Corporate transparency: how can the new PSC register help litigants?
Published on 3rd May 2016
The new “People with Significant Control” (PSC) register will be a valuable resource for litigants. Before commencing an action, it can help to establish whether a defendant is worth suing; and for those looking to enforce a judgment (either domestic or foreign), it can help to identify assets to enforce against.
What is the PSC register?
Since 6 April 2016, all unlisted UK companies and limited liability partnerships have been required to keep a PSC register, recording (or enabling the identification of) all individuals who have “significant control” over them. This might be by owning or controlling 25% or more of the shares or voting rights, having the ability to appoint or remove the majority of the board, or otherwise exercising significant influence or control over the company or LLP.
Companies and LLPs will need to provide that information to Companies House from 20 June 2016, as part of their annual filings. That information is open to public inspection. There are sanctions for company officers that do not comply with these obligations.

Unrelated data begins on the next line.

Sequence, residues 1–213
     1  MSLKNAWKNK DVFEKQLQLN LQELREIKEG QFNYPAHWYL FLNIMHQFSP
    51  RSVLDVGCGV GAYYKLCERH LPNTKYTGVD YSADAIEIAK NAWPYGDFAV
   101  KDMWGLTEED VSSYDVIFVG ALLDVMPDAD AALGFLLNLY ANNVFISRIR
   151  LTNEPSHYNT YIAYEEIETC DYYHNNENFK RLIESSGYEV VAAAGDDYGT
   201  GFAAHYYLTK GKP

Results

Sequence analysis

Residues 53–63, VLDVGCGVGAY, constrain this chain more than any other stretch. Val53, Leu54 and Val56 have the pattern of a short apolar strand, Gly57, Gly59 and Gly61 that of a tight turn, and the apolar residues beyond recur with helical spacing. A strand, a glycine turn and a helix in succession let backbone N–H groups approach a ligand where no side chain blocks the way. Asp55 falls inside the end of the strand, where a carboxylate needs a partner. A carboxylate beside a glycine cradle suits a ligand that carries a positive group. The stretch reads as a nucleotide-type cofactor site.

How can this be used by litigants?
The PSC register may prove a valuable source of information for judgment debtors looking to trace assets. If any beneficial interests are revealed, English law provides a wide range of tools that can be used to enforce against those interests, in conjunction with remedies such as injunctions to prevent the dissipation of assets.
The PSC register may also be useful for those considering litigation. It can help them to understand before issuing a claim whether the prospective defendant has assets that could be enforced against, if the claim is successful. As well as being a pragmatic step for any prospective piece of litigation, if a claimant is looking to fund litigation using third party funding, funders will look at the enforceability of any judgment before agreeing to provide any funding.
Nevertheless, it remains to be seen how stringent the courts will be in upholding company officers’ duties to obtain information. This could prove a practical barrier to those looking to obtain information about assets using the PSC register. Where arrangements involve complex trust arrangements, evasive and determined debtors may still prove difficult to trace and enforce against.